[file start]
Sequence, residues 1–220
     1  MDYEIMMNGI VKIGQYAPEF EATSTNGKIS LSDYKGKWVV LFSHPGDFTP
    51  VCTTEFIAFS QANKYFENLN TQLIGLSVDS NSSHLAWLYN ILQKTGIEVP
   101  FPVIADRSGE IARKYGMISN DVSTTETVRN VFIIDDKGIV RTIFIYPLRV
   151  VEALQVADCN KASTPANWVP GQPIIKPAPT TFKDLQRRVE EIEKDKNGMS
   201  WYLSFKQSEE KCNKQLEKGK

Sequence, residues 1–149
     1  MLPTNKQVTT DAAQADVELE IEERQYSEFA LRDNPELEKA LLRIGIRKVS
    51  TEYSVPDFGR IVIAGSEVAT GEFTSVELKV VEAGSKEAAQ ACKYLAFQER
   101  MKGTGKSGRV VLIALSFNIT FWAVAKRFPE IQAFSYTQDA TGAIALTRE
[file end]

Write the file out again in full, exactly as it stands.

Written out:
Sequence, residues 1–220
     1  MDYEIMMNGI VKIGQYAPEF EATSTNGKIS LSDYKGKWVV LFSHPGDFTP
    51  VCTTEFIAFS QANKYFENLN TQLIGLSVDS NSSHLAWLYN ILQKTGIEVP
   101  FPVIADRSGE IARKYGMISN DVSTTETVRN VFIIDDKGIV RTIFIYPLRV
   151  VEALQVADCN KASTPANWVP GQPIIKPAPT TFKDLQRRVE EIEKDKNGMS
   201  WYLSFKQSEE KCNKQLEKGK

Sequence, residues 1–149
     1  MLPTNKQVTT DAAQADVELE IEERQYSEFA LRDNPELEKA LLRIGIRKVS
    51  TEYSVPDFGR IVIAGSEVAT GEFTSVELKV VEAGSKEAAQ ACKYLAFQER
   101  MKGTGKSGRV VLIALSFNIT FWAVAKRFPE IQAFSYTQDA TGAIALTRE